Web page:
During her three-year tenure in Indiana, McCowan was a consistent double-double threat. In each of the non-Wubble seasons, she averaged at least 10 points and nine rebounds. She had 23 double-doubles across 66 games in those two seasons. Her number of field-goal attempts increased every season since her 2019 debut; she attempted eight shots a game in 2021. Indiana was better with her on the court in all the relevant categories for a big (rebounding, blocks, etc), while also being better offensively. (Better is the relative term, because the Fever were an unmitigated disaster when McCowan was there.)
That certainly wasn’t the case out of the gate in Dallas, and there’s an obvious reason why: McCowan’s WNBA season started late because her Turkish club, Ormanspor, made the playoffs. That meant no training camp in Dallas, so her integration with the Wings and her new city came during the season. As a result, coach Vickie Johnson eased her into the rotation. McCowan played double-digit minutes in just four of the first 10 games. She has since played at least 14 minutes in each of the last nine games.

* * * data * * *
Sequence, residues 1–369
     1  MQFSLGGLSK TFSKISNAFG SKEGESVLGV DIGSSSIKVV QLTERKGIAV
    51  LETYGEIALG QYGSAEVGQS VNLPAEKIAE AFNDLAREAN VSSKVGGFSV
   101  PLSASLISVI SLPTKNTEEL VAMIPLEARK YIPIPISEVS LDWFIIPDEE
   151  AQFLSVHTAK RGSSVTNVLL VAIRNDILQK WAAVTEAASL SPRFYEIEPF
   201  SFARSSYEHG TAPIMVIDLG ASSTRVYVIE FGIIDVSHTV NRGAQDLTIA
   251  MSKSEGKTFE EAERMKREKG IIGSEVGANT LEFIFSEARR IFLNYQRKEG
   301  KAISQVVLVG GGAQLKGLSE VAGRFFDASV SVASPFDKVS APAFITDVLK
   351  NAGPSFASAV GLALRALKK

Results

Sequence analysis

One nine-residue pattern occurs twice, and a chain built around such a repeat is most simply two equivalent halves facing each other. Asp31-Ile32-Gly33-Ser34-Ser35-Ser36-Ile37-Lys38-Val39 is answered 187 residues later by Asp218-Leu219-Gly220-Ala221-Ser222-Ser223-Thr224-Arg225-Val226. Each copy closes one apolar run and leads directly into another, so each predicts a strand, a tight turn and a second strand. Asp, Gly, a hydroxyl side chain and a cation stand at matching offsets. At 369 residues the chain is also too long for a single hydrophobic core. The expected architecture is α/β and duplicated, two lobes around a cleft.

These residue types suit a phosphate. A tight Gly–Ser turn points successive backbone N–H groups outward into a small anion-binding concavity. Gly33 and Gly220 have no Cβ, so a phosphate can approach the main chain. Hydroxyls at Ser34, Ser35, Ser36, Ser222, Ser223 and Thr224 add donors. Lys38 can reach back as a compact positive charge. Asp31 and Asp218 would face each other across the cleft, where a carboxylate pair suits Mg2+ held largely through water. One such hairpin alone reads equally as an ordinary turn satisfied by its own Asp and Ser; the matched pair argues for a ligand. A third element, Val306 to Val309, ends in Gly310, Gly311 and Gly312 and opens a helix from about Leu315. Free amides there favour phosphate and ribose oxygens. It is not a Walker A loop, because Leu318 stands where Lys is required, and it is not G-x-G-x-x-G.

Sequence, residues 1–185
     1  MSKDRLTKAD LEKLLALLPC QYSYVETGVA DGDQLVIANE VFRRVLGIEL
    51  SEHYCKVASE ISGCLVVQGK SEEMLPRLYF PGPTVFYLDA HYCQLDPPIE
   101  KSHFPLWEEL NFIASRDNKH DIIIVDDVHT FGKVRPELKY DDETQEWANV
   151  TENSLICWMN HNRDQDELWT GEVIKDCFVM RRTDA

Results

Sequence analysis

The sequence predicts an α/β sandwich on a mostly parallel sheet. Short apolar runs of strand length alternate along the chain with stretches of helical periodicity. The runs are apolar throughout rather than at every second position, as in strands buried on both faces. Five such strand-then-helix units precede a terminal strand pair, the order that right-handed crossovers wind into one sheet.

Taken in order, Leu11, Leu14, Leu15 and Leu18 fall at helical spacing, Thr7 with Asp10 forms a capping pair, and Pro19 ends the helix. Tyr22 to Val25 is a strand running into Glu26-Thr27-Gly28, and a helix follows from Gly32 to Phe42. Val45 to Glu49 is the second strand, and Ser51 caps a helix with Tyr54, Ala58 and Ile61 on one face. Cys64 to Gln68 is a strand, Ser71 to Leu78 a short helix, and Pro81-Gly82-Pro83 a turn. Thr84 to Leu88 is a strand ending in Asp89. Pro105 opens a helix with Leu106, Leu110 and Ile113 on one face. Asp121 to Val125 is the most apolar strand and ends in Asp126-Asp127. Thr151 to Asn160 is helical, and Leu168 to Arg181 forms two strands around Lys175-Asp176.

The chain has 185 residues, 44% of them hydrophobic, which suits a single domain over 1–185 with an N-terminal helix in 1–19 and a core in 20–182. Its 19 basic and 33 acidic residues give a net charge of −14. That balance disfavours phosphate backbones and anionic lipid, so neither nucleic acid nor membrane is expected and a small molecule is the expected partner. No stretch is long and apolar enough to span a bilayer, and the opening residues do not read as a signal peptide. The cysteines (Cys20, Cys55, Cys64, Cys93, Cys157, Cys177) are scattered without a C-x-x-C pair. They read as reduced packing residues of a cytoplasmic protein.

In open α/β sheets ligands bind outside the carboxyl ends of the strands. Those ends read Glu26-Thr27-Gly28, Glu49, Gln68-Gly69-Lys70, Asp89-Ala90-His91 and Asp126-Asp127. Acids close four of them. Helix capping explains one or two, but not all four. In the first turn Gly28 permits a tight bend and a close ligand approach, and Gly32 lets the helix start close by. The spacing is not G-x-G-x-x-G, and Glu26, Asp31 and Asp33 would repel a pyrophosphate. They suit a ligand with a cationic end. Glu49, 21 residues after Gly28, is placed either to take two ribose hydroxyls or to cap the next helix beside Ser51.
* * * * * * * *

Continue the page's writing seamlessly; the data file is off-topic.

“She is still trying to learn our system and what we’re trying to do defensively and offensively,” Johnson said last month. “I think she has been playing well for us.” McCowan didn’t disagree. “I’ve been in the league, but I haven’t been in the system,” she said. “I think that’s the difficult part, trying to figure out the system and how I fit in.”
That’s all fair, but it does pose questions: how difficult is the system Johnson wants to run that it can’t accommodate a player such as McCowan? That it takes more than half a season for a player of McCowan’s caliber to show her skills? Nobody is questioning the validity of the problems she’s having, but their existence is something worth exploring.